3.26.14 Days of Wine & Roses
photos by gluttonforlife
I snagged that title from the 1962 film starring Jack Lemon and Lee Remick as a husband and wife who both succumb to what is referred to as "the alcoholic lifestyle." The pain of such an existence—of any addiction, really—is unfathomable. Life is hard enough without that continual struggle. Both of my mother's sisters were alcoholics and they had complicated lives full of drama. My cousin Lisa died at the age of 48, her liver destroyed, her name still on a long waiting list for a donor organ.
In a recent intervew in Shape magazine, Sharon Stone talks about how, at a certain point in her 40s, she went into the bathroom with a bottle of wine, locked the door, and said, "I’m not coming out until I can totally accept the way that I look right now." (Hey, everything's relative.) Later in the article, she says that, despite her great love of wine, she has given up drinking alcohol because it makes women over 40 look splotchy, puffy and bloated.
So, what am I trying to say here? I guess it's just another opportunity to consider moderation and mindfulness. Too much booze is not a good thing, but I'm pretty sure we can say the same thing about vanity. Which is why I'm not hesitating to offer those of you who can tolerate a little tipple this recipe for a delicious French apéritif called vin d'orange.
a tisket, a basket
If you've been following this blog for a few years, vin d'orange
may ring a bell as I posted about it here
in 2011. I gave you a little context for it then, as well as a recipe. I've made it every year since, modifying it a bit and quadrupling the quantities so there's enough to enjoy all year long. I usually make it in the late spring; that way it has time to sit for 6 weeks and be ready for our Bastille Day party in July. Based on rosé wine and fortified with spirits and spices, it's refreshingly delicious on its own, mixed with sparkling wine or water, or stirred into a cocktail.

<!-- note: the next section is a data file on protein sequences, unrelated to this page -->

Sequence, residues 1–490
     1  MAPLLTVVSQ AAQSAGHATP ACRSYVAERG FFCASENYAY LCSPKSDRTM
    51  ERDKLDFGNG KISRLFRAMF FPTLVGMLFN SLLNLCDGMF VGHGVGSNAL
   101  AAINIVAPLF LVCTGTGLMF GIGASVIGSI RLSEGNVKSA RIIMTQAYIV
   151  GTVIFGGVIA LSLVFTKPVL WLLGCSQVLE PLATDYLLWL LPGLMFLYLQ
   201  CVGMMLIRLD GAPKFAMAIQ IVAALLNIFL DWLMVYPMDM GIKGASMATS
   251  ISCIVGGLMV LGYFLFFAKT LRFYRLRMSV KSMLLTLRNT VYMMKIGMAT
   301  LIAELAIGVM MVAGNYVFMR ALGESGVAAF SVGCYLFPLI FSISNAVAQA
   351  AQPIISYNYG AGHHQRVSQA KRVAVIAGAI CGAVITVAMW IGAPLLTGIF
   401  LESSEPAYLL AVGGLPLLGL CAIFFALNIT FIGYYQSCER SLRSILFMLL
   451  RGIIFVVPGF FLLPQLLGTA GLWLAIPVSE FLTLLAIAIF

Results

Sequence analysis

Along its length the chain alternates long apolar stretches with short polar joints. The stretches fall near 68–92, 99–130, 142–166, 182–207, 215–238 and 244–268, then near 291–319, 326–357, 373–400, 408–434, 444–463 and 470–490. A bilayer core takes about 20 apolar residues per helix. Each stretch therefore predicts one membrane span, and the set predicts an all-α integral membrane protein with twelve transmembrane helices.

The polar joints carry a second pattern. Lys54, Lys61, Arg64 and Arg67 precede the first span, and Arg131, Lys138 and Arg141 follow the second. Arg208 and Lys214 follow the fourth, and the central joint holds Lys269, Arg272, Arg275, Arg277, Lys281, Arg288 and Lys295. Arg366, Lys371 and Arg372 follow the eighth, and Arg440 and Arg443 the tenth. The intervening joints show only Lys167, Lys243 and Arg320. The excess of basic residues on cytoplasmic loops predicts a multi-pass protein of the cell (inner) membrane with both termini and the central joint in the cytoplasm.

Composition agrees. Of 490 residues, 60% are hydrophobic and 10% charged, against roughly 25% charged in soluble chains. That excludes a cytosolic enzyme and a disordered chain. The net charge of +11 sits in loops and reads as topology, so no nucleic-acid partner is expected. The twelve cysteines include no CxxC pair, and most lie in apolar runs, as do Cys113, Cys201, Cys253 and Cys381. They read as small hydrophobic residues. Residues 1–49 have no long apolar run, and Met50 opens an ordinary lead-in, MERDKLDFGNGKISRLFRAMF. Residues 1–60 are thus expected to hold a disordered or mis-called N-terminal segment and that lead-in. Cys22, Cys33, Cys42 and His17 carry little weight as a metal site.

warts and all
The key ingredient here—what puts the orange in vin d'orange—is the Seville orange. Not quite as hideous as the ugli fruit (a Jamaican citrus hybrid), the Seville orange is nevertheless a rather homely version of a navel orange. On top of that, it's extremely sour and bitter, and thus also known as sour orange (and marmalade orange and bigarade orange). Actually a hybrid of a pomelo and a mandarin, this rather extreme fruit is highly coveted. For one thing, as with all orange trees, its blossoms smell like heaven. They perfume the streets of Seville with their romantic essence in spring. The oils in the thick, dimpled skins are highly pungent and aromatic. Aside from sugar, these rinds—higher in pectin than that of other oranges—are the sole ingredient in what all connoisseurs know to be the one true marmalade.
slice of nice
If you hadn't ever tried the classic cochinita pibil
of the Yucatan, you might think the sour juices of the Seville orange had no use, but they are an essential part of the marinade for this dish of slow-roasted Mexican pork. This recipe
looks both authentic and divine.
If this strange fruit has captured your fancy, and you despair of ever finding it, take heart. It can be ordered online, here
. I just got half a bushel ($46), which is about 30 oranges—more than enough for 4 batches of vin d'orange and a big batch of marmalade
. Act now, indulge later.
Vin d'Orange II
This needs to sit for at least 6 weeks before drinking, so plan accordingly.
— 4 Seville oranges, thoroughly washed
— 2 large lemons, thoroughly washed
— 400 grams superfine sugar
— 1 vanilla pod, split
— 1 4" cinnamon stick, broken in half
— 1 tablespoon pink peppercorns
— 2-3 star anise
— 6-8 green cardamom pods, lightly crushed
— 2 litres rosé
— 400 ml cognac
— 100 ml white rum
Slice citrus in 1/4”-1/2” thick wheels and place in a clean glass container with a wide mouth and a tight-fitting lid. Add remaining ingredients except rum and stir well with a metal spoon (a wooden one could harbor bacteria that might inhibit fermentation) and fasten the lid. Store the jar somewhere cool and dark, shaking occasionally to make sure sugar is dissolved.
After about 6 weeks, mix in rum and strain through a fine mesh strainer or several layers of cheesecloth. Transfer to bottles and store indefinitely at a cool room temperature or in the refrigerator.